Mixed-severity fire

n. A fire that exhibits a wide range of fire severity as a result of underburning some patches, burning others with stand-replacing severity, and thinning the overstory in other patches.


  • Discussion


A mixed-severity fire exhibits a wide range of effects on the dominant vegetation. Some areas of a mixed-severity fire exhibit low fire severity, having experienced little damage to the overstory vegetation; other areas exhibit moderate fire severity, having experienced considerable overstory mortality but not complete replacement; and yet other areas exhibit high severity, having experienced complete overstory mortality.




An equal proportion of low-, moderate-, and high-severity burning clearly fits into the mixed-severity fire class, but there is currently no standard by which to define what mix of fire severities should be classified as a mixed-severity fire.  For further discussion, see Agee 1993, Agee 1998, DeBano and others 1998, Edmonds and others 2005, and Walstad and others 1990.


  • See Also

  • References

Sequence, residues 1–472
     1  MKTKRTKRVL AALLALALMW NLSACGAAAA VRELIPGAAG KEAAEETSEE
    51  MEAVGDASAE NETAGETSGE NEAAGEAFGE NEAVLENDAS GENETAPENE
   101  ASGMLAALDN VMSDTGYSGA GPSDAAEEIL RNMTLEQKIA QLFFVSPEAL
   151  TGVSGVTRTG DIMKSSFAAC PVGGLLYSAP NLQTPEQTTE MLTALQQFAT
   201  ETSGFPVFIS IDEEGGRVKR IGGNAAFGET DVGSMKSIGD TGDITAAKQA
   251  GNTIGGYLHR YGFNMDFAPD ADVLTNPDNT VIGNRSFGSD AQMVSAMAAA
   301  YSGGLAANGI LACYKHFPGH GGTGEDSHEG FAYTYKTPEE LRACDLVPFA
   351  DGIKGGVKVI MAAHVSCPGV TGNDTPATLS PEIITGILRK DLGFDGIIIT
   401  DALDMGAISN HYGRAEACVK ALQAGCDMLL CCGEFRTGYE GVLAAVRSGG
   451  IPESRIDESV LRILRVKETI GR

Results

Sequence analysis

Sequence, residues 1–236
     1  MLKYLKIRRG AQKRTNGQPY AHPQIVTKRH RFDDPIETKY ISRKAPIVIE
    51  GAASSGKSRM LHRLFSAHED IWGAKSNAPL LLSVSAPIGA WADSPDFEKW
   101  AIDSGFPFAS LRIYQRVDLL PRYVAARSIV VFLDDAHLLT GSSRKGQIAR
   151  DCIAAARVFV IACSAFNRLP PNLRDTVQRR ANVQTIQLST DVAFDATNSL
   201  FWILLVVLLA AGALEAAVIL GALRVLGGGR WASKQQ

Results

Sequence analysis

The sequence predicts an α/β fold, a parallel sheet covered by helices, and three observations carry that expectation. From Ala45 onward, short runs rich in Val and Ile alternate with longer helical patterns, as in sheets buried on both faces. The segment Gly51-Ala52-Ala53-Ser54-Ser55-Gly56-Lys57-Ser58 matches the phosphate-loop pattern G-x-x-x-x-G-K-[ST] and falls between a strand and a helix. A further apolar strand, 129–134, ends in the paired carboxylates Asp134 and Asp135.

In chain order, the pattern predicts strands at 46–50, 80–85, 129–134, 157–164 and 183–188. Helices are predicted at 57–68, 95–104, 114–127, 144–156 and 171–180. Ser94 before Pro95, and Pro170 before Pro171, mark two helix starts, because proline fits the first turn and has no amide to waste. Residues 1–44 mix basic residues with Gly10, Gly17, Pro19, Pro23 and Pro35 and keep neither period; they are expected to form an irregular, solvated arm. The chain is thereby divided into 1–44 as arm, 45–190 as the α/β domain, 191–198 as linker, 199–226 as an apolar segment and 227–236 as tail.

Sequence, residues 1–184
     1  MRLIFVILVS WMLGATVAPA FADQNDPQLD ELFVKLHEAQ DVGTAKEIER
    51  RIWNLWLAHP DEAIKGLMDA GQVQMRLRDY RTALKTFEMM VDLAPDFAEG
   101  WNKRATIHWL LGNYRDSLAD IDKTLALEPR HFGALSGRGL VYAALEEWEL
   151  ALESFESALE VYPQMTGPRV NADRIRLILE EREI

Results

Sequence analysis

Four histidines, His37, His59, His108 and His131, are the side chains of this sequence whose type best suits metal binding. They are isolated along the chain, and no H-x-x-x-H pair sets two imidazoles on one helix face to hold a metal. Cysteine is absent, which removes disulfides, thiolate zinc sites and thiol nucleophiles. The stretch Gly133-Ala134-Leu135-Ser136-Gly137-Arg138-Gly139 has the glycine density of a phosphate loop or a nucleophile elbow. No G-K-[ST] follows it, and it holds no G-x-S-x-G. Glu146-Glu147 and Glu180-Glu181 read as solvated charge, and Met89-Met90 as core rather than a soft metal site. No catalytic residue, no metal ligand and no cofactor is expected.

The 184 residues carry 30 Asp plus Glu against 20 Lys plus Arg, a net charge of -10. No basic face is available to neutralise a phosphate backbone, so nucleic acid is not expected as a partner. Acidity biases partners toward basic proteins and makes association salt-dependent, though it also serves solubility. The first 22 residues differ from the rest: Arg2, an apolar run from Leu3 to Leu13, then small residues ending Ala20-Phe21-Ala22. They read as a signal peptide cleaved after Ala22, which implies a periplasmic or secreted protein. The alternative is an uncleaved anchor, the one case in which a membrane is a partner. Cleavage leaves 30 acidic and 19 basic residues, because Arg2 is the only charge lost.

• Agee, J.K. 1993.  Fire ecology of Pacific Northwest forests. Washington D.C.: Island Press.

    • Agee, J.K. 1998.  The landscape ecology of western forest fire regimes. Northwest Science. 72 (special issue): 24-34.

    • DeBano, L.F.; Neary, D.G.; Ffolliott, P.F. 1998.  Fire’s effects on ecosystems.  New York: John Wiley.

    • Edmonds, R.L.; Agee, J.K.; Gara, R.I. 2005.  Forest health and protection. Long Grove, IL: Waveland Press

    • Walstad, J.; Radosevich, S.; Sandberg, D. 1990.  Natural and prescribed fire in the Pacific Northwest.  Corvallis, OR: Oregon State University Press


  • Notes

    • Author 

      James Agee, Professor of Forest Ecology

      University of Washington